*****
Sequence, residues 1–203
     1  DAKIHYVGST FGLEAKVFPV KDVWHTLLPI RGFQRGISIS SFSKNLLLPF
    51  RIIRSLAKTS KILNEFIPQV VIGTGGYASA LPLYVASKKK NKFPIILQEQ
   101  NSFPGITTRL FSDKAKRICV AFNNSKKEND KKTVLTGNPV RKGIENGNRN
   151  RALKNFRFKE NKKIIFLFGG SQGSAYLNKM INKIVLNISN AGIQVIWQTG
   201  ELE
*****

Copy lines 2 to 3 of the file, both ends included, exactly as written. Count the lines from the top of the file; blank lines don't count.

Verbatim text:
     1  DAKIHYVGST FGLEAKVFPV KDVWHTLLPI RGFQRGISIS SFSKNLLLPF
    51  RIIRSLAKTS KILNEFIPQV VIGTGGYASA LPLYVASKKK NKFPIILQEQ